Hygge Companies hire certain types of people: the selection process is designed to spot talented people who are passionate about what they do and ready to hustle to achieve their goals, both personal and professional.

In remote settings, Hygge employees have to learn to manage their resources and energy in a new way. This is why Hygge Companies adopt the concept of good daily sisu to keep their people going.

What is Sisu?

Sisu is a Finnish concept of a courageous mindset that embraces challenges and builds fortitude and resilience. It means perseverance in the face of adversities that are more demanding than usual. It’s the quality that lets you pick yourself up, move on, and learn something from previous failures.

On this page, you can find some of the ideas that will keep you sane in a demanding remote environment, no matter what your life or work throws at you.

Daily sisu

While remote work affords greater flexibility, it also makes it challenging to disconnect sometimes. It can be hard to set boundaries if your office is in your bedroom or at the kitchen table. When you’re involved in projects that you’re really passionate about, you might forget to do common sense things, such as eating and resting properly.

It’s hard to build your strength if you’re running on empty and exhausted. That is why it’s crucial to learn to manage your energy so that you can do the things that sustain and nourish you.

  1. Study your work style and accept it. If you’re productive in the morning, plan to tackle the most challenging problems at this time of day. Understand your limitations and be realistic. You can’t complete everything at once. Expect imperfection: start with an MVP and chart your way to a better result iteratively.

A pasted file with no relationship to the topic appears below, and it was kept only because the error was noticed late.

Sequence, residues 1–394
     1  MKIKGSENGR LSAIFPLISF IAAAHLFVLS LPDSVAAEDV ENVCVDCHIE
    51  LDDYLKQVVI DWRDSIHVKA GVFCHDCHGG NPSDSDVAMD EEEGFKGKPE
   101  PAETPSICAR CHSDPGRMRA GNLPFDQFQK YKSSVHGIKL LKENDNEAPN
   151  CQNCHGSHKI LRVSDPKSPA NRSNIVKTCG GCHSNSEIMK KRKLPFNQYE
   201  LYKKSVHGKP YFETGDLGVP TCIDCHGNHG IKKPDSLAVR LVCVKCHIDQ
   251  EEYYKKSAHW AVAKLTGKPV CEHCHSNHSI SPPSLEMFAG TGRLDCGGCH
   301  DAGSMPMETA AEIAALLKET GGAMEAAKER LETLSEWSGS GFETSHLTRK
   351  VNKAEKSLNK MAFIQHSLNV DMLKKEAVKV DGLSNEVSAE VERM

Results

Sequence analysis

2. Make a conscious attempt to devote time to yourself. This could be a daily walk in nature, cooking a healthy meal for yourself, or getting a massage. Try to avoid abandoning your interests (sports, music, reading, etc.) to close off another issue or reach another milestone. You’ll be more efficient if you take time off work. Learn to say “No” when necessary and rely on priorities when choosing what to do next.

  3. Take vacations. Hygge Companies don’t track vacation days and don’t have any special paid time-off policies. This allows employees to schedule their work hours and time off the way they want. If you feel you need a break, make sure that there are no approaching deadlines, coordinate with the rest of the team, and set “out of office” status in your calendar. Your compensation remains the same even when you are off work for a while, as you don’t get paid for your presence but for the tasks you accomplish. Taking vacations is not selfish. Regularly recharging batteries is vital for work efficiency and closing issues.

To consider each area of your life and assess what’s off balance, try the Wheel of Balance worksheet.

Remote sisu

It’s easy to feel lonely when you work remotely. Working autonomously, you don’t necessarily get in touch with other people. At the same time, social interactions and contact with other people are essential to your well-being and health.